Yet no one should weep for Apple if it sells fewer iPads; Apple isn't complaining.
The Cupertino, Calif. company regularly downplays investor concerns about slumping sales of one line as long as it's able to capture those dollars with others. CEO Tim Cook returned to that cannibalization theme last month during an earnings call with Wall Street, saying that while iPhone and MacBook sales may be part of the current iPad problem — exacerbated by a longer-than-expected refresh cycle — he remained very optimistic.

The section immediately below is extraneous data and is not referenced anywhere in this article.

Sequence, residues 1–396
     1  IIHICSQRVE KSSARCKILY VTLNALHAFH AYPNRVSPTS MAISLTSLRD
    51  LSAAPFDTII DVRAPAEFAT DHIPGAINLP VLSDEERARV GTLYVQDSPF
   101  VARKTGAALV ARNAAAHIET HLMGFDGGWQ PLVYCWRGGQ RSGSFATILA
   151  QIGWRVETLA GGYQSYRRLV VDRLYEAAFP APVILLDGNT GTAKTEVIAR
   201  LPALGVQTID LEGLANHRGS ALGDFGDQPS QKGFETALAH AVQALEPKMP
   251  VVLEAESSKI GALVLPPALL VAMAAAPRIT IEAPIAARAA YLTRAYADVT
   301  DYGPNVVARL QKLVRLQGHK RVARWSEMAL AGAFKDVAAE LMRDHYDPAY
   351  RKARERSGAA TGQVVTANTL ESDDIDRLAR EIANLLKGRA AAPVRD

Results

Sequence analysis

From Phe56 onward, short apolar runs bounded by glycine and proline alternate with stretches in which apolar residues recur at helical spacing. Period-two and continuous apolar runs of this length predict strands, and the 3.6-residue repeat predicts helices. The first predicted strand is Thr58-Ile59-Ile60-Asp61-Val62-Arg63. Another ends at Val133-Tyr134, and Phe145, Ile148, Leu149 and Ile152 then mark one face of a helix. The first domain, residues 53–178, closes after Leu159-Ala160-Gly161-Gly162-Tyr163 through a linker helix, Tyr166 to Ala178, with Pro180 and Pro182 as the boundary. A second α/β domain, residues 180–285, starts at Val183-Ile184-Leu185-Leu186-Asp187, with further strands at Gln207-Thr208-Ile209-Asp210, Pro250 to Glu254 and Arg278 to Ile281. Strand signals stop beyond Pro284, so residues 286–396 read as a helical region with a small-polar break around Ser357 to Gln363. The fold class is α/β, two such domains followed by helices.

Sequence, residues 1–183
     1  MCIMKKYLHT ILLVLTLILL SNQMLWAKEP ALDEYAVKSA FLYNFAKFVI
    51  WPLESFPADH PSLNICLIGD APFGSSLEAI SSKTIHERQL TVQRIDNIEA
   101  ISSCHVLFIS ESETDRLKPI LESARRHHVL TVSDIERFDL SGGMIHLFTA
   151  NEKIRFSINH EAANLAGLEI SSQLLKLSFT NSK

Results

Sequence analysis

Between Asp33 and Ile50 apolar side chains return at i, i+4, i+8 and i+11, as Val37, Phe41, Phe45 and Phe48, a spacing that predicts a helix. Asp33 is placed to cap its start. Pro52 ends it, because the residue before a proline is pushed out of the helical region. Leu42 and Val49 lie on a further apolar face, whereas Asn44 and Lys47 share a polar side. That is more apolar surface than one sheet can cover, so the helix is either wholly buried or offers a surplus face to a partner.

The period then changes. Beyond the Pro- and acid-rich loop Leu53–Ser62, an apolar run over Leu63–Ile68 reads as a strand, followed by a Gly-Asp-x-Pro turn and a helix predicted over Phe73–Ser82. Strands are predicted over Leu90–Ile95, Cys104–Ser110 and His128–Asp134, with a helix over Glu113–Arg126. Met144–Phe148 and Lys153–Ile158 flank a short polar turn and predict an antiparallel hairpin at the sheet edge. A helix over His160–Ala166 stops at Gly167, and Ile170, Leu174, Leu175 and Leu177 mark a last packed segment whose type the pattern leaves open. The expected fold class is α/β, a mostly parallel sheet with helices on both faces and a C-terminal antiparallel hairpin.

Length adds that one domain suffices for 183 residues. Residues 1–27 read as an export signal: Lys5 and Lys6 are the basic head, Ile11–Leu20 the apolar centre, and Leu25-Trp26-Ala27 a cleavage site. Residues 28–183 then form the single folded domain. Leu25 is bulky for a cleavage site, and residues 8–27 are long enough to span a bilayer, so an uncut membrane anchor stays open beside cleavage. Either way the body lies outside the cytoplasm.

"I believe that over the long arc of time that the iPad is a great business," Cook said. "I also have visibility obviously of what's in the pipeline and feel very, very good about that."
The silver lining for Apple, said Ubrani, is that some of that cannibalization benefits the company, perhaps one reason why Cook was sanguine. "Apple makes more on an iPhone 6 Plus than on an iPad Air, and probably about the same on a MacBook Air," he noted.
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